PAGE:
With so much talent pouring out of the national scene every day, artists are faced with a real challenge: to create something that is truly unique enough to stand out from the pack. On their debut single Grown Man, brand new Melbourne collective Dr Sinha’s Jazz Lobotomy effortlessly engineer a sound that’s all their own, premiering their brand of RnB-infused jazz with an indie-pop sensibility here today ahead of the song’s official release tomorrow.
In Grown Man, Dr Sinha’s Jazz Lobotomy tackle anxiety as a symptom of fruitlessly attempting to live up to social expectations of masculinity. It’s a timely statement in a climate where gender and identity politics are finally beginning to pervade mainstream consciousness, but the song itself retains a sense of humour through its subject matter. Hell, there’s even a David Attenborough (Atten-bro) namecheck. Sonically, Grown Man is meaty, hooky, and irrepressibly infectious – informed by jazz in a way that fans of BadBadNotGood will appreciate. Themes of anxiety are likely to pervade the quintet’s future releases because, as Sinha remarks, he doesn’t “really have much else going on”. Can relate.
Though the project is new, each of the five members of the Lobotomy – led by Indian-Australian guitarist/vocalist Chinmay Sinha – have a rich and storied musical history and wealth of knowledge; weaving their experiences together in order to explore culture and identity in modern Australia through music. This isn’t your average group of mates who thought they’d just give this band thing a burl: lead vocalist Emily Merrett has a Masters in Music Therapy, bassist James Jablonka plays regularly with various Indian classical musicians in Melbourne including Bansuri extraordinaire Vinod Prasanna, percussionist Ryan Evans has performed at Melbourne’s prestigious Hamer Hall, and keys player Phoebe Elsworth is in multiple other local jazz groups. That’s to say nothing of Sinha himself, who was the vocalist on a By Chewing track that premiered on The 405 and is a part-time film scorer – but by founding The Lobotomy he has, as he puts it, “become the doctor his parents always wanted him to be”. Add those elements up and you get an undeniably impressive resume for a band that’s just starting out.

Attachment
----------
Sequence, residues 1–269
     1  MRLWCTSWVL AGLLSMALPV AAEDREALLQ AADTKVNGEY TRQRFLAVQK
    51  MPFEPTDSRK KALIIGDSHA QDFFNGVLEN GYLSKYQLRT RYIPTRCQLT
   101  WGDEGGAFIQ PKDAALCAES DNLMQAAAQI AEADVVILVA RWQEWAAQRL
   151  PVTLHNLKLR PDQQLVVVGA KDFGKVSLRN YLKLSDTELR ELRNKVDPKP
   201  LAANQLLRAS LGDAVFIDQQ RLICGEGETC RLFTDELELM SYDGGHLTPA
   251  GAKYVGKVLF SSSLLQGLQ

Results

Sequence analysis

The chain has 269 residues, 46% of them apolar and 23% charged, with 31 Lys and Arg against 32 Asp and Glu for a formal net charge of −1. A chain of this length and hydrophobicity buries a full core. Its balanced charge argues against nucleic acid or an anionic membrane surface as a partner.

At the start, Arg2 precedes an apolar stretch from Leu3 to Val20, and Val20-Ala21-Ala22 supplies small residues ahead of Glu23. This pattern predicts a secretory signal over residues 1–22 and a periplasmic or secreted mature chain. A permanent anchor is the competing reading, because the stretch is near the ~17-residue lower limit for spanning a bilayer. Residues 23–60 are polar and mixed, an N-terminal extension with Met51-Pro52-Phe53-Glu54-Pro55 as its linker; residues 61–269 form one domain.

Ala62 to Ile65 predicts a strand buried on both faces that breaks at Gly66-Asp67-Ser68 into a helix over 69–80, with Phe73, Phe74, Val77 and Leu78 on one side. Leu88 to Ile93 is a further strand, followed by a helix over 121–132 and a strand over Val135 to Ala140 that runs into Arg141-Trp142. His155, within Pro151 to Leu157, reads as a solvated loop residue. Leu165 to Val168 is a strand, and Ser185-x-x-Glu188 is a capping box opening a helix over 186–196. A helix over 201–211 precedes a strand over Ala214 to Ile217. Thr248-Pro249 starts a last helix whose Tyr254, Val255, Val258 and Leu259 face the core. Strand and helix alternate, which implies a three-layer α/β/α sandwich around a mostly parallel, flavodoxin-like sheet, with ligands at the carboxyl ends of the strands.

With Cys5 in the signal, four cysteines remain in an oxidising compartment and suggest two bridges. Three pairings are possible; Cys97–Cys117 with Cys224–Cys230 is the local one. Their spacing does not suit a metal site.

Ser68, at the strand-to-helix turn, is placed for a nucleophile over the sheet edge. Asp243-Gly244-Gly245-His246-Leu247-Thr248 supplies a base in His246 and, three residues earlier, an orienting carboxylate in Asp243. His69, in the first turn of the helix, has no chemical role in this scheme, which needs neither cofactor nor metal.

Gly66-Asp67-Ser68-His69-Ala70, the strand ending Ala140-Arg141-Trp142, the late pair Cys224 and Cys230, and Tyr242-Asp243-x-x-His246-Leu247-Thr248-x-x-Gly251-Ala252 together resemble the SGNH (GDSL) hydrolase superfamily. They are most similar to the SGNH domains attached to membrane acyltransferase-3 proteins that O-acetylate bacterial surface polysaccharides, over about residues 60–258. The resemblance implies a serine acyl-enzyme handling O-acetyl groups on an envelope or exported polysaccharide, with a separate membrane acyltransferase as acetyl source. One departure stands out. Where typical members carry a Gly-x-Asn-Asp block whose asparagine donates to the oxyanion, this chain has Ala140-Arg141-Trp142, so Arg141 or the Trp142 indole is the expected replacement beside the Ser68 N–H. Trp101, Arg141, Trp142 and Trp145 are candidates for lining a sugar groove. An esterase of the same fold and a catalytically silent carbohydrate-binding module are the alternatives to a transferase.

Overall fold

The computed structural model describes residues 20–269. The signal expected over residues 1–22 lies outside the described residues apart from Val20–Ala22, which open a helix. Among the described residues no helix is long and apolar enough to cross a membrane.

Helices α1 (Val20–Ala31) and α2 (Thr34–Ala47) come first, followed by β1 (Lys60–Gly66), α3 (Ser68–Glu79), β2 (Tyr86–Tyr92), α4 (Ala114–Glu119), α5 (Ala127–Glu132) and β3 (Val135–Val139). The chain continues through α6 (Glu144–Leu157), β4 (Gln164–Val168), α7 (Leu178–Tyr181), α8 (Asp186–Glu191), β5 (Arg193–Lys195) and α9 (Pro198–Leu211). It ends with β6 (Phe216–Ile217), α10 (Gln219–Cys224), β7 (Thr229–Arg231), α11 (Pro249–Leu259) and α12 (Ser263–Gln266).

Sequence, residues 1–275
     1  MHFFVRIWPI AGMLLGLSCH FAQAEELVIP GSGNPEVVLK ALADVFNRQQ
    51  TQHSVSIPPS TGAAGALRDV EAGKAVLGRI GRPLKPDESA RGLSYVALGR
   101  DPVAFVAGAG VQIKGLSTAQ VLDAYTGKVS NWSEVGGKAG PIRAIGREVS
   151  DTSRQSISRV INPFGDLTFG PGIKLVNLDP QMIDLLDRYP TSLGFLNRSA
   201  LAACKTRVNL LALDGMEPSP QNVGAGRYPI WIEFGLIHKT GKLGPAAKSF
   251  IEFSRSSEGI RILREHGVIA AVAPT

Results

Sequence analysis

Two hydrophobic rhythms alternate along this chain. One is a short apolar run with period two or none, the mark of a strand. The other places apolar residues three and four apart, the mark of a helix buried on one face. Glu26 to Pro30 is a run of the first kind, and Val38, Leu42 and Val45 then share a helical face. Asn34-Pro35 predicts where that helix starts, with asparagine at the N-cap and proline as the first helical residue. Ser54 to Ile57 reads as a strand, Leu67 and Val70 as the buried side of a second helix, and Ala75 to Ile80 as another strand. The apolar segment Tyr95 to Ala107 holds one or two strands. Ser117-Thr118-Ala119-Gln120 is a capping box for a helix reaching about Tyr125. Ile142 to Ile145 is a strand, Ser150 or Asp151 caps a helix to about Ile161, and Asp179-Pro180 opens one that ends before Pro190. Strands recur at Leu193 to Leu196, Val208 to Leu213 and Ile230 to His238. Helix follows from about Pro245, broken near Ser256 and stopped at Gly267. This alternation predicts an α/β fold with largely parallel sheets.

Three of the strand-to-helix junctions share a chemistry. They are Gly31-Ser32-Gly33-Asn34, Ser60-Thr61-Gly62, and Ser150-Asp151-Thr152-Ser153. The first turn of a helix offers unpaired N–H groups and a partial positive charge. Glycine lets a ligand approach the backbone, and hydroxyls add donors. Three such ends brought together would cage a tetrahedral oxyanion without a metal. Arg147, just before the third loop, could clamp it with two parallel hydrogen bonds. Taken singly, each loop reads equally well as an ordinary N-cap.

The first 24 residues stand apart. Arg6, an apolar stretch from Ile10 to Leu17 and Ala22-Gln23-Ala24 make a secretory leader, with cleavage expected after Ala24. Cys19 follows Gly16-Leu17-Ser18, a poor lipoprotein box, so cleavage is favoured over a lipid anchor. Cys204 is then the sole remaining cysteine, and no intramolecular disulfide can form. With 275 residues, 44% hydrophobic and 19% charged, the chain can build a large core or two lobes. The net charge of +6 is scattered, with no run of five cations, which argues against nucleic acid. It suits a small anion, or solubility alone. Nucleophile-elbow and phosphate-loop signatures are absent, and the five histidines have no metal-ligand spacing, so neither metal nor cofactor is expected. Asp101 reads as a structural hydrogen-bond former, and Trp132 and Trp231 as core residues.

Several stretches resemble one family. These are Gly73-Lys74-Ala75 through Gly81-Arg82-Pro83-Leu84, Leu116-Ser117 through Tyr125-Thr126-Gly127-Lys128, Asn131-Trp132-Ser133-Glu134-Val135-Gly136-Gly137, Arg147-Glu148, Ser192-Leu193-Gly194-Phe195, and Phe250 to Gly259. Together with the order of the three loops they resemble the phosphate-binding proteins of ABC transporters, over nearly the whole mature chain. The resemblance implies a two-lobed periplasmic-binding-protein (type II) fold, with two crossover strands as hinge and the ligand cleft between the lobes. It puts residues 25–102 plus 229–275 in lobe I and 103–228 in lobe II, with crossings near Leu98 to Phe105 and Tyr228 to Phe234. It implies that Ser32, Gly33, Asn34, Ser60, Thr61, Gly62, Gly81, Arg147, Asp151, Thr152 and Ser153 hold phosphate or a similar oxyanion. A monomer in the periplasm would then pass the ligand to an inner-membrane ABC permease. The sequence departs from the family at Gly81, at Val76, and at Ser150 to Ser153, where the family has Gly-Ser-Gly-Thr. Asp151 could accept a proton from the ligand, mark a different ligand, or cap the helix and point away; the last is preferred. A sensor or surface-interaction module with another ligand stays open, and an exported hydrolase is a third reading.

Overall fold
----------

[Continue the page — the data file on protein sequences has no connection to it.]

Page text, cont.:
Tune in and get lost in this one – and if you’re in Melbourne, you can catch The Lobotomy live at the dates below.
Photo: Jay Junior